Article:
Heâ€™s a fine singer and hugely accomplished musician whose well-crafted, thought-provoking songs are a pleasing sour mash of country, folk, bluegrass.
AJâ€™s delivery is intense, his emotional ties to the songsâ€™ content not in doubt. Sears and Roebuck Suit from his new album â€œRevelationâ€ was a perfect example of this. It was an elegant and moving tribute to his dad, although Mr Roach senior didnâ€™t, seemingly, recognise himself in the lyrics and issued a rebuke for a swear word in them. The chorus â€œI love you more than you loved yourself, I wish it wasnâ€™t trueâ€ was a heart-on-the-sleeve tribute to his old man, sincere and gently moving and no way maudlin. It was a great track. Chemicals, also from the â€œRevelationâ€ CD, was in a different vein (sorry) altogether as he sang about â€œdesperate love being a chemical reaction.â€ He revealed that his Mom hated the song so it was probably his dadâ€™s favourite. Hazel Blue, also from the new album, was â€œwritten for a bonnie lassâ€ and his soulful voice and clever guitar work raised a simple tune to a warm and intriguing level. His debut CD â€œDogwood Winterâ€ received good reviews and from it he plucked Granddaddy, Cold As Christmas and the wistful Temporary where he suffered â€œâ€¦.arms full of everything but you.â€
Nels Andrews, now re-located to New York City, shared the bill and, we learned, is hoping to release a follow-up to the excellent â€œSunday Shoesâ€ that grabbed so much attention when released. Donâ€™t know when, though. His songs have a way of taking you by the hand as storylines stick in your mind, like Jesseâ€™s Mom about a young child. I was in a minority at the gig but I would have got more out of his fine set if a band had kicked in from time to time. My DJ son, Martin reckoned that was just my Attention Deficit something-or-other taking over. As a result, Nelsâ€™ highlight track was his Meadowlake duet with AJ, on banjo, harmonising. With Jim Lauderdale and The Believers as well as Boo Hewerdine due to appear in Glasgow in the coming weeks, Kevin Morris of the Fallen Angels Club continues to ply followers with superb roots music.
|Peter Bruntnell + Special Guests - The Borderline, London - 27th October 2006|
Review by Keith Hargreaves
The problem with special guests is you don't know who you are going to see or in this case miss . As I tripped down the steps into the subterranian comfort of the Borderline I was greeted with the words "My name's Jason McNiff, thankyou and goodnight." Curses, not a good start as this was a performer I had been wanting to catch for some time - sorry Jason .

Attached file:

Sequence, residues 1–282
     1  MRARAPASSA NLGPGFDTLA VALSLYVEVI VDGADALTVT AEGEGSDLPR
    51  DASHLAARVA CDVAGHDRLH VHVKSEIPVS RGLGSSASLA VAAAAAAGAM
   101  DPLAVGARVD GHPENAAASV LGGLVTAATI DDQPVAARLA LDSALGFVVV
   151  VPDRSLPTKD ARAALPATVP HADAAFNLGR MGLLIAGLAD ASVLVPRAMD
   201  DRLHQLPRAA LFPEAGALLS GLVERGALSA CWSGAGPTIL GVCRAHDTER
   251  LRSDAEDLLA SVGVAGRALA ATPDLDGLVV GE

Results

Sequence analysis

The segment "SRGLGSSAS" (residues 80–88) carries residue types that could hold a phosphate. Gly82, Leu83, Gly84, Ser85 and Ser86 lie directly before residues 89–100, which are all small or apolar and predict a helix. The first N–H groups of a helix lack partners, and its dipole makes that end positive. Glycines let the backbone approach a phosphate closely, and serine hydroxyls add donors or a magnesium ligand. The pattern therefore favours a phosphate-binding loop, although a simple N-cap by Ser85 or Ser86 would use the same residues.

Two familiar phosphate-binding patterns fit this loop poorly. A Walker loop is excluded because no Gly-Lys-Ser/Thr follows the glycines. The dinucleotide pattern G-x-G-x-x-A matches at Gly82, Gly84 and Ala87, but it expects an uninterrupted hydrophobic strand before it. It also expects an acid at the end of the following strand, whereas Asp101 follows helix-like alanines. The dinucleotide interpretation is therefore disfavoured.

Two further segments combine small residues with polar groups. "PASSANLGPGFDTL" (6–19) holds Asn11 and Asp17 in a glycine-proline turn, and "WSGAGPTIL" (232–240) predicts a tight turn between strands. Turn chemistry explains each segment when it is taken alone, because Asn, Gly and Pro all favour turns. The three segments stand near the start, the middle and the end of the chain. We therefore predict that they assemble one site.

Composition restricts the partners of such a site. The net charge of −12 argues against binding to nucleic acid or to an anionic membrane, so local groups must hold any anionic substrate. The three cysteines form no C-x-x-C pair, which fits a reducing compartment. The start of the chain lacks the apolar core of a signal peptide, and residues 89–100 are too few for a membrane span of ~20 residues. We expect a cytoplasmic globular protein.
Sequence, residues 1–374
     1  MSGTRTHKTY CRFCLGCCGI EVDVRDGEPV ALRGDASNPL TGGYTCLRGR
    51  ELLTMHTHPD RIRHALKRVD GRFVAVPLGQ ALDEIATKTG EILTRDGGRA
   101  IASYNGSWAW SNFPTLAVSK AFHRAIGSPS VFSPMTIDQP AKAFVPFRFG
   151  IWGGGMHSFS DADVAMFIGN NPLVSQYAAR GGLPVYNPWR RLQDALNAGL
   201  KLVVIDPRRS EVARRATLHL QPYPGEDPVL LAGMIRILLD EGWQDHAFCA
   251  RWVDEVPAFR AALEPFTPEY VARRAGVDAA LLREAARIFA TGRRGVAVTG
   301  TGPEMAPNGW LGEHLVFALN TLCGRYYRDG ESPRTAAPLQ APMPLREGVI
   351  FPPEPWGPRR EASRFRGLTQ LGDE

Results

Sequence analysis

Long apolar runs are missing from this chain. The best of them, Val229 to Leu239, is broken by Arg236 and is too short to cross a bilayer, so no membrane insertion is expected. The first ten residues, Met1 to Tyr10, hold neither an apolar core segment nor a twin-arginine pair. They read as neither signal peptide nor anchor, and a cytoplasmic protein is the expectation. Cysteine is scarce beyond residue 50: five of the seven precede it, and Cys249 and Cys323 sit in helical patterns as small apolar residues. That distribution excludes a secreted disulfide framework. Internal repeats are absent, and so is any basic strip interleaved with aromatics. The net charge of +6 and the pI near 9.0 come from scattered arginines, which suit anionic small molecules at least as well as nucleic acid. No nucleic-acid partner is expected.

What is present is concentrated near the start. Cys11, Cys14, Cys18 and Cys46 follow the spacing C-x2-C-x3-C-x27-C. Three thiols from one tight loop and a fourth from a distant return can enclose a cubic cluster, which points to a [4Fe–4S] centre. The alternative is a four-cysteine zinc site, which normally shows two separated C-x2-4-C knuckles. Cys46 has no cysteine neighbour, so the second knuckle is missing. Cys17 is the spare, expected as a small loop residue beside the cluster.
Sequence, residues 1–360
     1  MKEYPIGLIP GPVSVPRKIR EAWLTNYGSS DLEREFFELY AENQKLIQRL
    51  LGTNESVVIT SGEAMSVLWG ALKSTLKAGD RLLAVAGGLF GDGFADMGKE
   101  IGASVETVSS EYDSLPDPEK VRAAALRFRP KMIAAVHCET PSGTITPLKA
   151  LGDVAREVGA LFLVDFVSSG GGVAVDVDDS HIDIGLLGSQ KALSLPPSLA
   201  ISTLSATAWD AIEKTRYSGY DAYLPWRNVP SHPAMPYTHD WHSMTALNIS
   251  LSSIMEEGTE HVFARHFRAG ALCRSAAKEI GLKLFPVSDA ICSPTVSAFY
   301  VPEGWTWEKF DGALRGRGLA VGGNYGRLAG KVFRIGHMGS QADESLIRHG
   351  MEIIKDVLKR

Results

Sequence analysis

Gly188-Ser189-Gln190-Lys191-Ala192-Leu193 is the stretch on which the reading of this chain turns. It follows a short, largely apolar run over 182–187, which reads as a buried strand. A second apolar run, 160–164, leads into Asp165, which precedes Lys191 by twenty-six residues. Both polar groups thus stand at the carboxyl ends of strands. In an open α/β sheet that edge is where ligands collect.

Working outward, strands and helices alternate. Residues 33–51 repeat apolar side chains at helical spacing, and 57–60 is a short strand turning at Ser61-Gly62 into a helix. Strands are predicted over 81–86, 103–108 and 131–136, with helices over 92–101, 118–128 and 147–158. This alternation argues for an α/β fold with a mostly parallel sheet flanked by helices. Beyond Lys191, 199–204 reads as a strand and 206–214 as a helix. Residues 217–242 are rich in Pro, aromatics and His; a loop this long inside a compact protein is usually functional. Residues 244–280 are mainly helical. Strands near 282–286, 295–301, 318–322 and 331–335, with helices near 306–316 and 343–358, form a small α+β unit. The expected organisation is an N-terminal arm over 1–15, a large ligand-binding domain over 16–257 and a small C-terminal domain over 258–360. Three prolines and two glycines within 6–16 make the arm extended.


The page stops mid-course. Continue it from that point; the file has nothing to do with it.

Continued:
Next up, the Beautiful Losers a four piece from Surrey . If you like your chiming harmonies and tight guitar work these are your men . A strong whiff of 70s west coast a la Steve Miller was accompanied by accomplished musicianship and catchy original songs which brought the punters from the back of the room and by the end of the set everyone was facing the stage (which is always a recommendation).
The Peter Bruntnell Band took the stage with little fuss and maximum impact , starting with 'Gone', they reeled off the first five songs with barely a hello and these included Domestico and Here come the Swells amongst them. It is amazing to me that a band that gigs so infrequently should be so tight but as the evening progressed Bruntnells songs were teased and stretched but never broken by five people at the top of their game - just having fun with some very strong material. The Borderline is not the best place for a decent sound mix and as a consequence I was missing some of Dave Boquists guitar work but because of where I was standing I did catch every note of Dave Littles excellent keyboards. There was no between song chat and calls for favourite songs were cheerfully ignored as the set list was rigorously followed and after a riotous 8 Lane they exited the stage . The calls for encore were answered quickly and surprisingly as PB introduced the band and then invited Dave Boquist to sing,which he duly did. It was an exquisite cover of Little Feats 'Willing' which delighted both audience and band. Thereafter followed 'Cold Turkey' and the gig was over by 10.30pm.